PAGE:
Question #10285

1 Answer
Feb 24, 2016

Answer:

There is no limiting reagent here.

Explanation:

Always start with the balanced chemical equation

#"HCl"_text((aq]) + "NaOH"_text((aq]) -> "NaCl"_text((aq]) + "H"_2"O"_text((l])#

You have a #1:1# mole ratio between hydrochloric acid and sodium hydroxide, which means that a complete neutralization requires equal number of moles of each reactant.

Now, the number of moles of each reactant can be found by using the molarities and volumes of the two solutions.

#color(blue)(c = n/V implies n = c * V)#

Even without doing any calculations, it should be clear that because you have equal molarities and equal volumes, you will also have equal numbers of moles of hydrochloric acid and sodium hydroxide.

This of course implies that you're not dealing with a limiting reagent, since you have enough strong base to completely neutralize the strong acid (or vice versa).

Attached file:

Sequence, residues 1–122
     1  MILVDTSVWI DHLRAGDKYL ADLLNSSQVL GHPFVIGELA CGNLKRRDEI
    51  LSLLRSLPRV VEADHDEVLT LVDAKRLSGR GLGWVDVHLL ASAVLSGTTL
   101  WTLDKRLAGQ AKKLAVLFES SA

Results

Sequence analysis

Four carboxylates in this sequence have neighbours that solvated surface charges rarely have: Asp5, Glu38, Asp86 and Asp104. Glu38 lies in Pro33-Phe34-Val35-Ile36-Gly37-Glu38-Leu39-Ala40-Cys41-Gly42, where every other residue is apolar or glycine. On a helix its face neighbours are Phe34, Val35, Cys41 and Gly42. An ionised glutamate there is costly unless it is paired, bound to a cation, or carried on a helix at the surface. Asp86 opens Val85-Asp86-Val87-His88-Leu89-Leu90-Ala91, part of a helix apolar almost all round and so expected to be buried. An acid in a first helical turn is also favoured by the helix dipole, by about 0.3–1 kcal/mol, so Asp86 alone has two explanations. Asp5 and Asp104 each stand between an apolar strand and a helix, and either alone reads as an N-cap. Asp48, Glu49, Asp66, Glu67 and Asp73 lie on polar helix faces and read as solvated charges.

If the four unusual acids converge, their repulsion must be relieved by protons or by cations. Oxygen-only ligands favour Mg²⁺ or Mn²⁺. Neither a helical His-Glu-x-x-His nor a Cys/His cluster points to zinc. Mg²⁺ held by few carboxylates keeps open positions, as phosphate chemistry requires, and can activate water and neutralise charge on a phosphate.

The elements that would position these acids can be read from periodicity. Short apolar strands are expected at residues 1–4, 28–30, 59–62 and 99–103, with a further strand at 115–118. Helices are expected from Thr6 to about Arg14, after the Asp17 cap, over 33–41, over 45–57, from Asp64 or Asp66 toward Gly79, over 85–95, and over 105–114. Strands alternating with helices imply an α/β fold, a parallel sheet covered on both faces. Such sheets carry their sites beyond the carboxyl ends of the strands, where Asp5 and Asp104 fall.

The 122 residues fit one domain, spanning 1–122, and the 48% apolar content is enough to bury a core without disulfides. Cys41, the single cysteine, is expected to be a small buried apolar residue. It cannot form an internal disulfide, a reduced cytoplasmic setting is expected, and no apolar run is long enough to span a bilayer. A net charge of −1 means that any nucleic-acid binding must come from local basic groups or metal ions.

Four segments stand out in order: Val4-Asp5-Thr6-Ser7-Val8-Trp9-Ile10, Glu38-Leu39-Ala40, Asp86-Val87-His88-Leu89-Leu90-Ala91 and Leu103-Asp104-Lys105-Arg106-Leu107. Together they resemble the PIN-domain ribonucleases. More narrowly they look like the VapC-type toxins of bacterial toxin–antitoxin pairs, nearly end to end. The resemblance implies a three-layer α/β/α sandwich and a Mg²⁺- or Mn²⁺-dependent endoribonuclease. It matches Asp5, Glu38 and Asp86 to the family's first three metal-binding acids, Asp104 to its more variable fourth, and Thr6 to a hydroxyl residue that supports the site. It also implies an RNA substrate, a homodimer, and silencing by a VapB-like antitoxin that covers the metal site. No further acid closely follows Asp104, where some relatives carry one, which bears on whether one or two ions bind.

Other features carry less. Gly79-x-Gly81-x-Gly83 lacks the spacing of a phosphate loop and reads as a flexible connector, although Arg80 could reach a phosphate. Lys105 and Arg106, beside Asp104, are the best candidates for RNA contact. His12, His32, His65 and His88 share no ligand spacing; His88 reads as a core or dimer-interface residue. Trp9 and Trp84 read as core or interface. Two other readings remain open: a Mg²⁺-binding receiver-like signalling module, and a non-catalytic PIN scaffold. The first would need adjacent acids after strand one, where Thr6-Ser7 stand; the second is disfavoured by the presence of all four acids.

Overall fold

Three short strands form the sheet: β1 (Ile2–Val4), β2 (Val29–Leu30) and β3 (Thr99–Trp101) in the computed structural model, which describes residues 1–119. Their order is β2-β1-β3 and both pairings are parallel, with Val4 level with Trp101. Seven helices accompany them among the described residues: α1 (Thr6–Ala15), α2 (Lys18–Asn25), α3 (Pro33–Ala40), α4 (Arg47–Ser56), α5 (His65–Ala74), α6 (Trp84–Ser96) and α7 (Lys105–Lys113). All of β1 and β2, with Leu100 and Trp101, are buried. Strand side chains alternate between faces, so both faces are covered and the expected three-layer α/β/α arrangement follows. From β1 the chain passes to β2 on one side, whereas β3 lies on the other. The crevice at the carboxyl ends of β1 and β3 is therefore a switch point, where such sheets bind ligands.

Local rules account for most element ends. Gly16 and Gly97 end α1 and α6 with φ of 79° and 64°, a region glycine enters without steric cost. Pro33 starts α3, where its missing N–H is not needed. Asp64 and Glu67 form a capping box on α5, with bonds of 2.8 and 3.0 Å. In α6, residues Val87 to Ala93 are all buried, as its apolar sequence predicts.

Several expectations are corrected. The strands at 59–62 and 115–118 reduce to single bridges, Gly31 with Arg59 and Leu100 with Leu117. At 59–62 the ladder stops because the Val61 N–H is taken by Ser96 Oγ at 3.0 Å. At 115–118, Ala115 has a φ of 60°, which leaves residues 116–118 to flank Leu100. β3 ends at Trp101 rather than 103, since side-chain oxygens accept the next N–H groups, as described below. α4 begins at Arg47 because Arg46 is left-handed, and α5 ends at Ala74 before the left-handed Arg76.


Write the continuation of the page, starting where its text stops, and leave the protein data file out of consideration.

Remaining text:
So unless the values given to you are incorrect, the answer to this question is that neither the hydrochloric acid, nor the sodium hydroxide acts as a limiting reagent here.

If you want to do some unnecessary math, you can try

#n_(HCl) = "1 mol" color(red)(cancel(color(black)("dm"^(-3)))) * 50 * 10^(-3)color(red)(cancel(color(black)("dm"^(3)))) = "0.05 moles HCl"#

What volume of the #"1-M"# sodium hydroxide solution would contain that many moles of sodium hydroxide?

#c = n/V implies V = n/c#

#V_(NaOH) = (0.050color(red)(cancel(color(black)("moles"))))/(1color(red)(cancel(color(black)("mol")))"dm"^(-3)) = "0.050 dm"^3 = "50 cm"^3#

And there you have it, you have enough moles of strong base to completely neutralize the strong acid.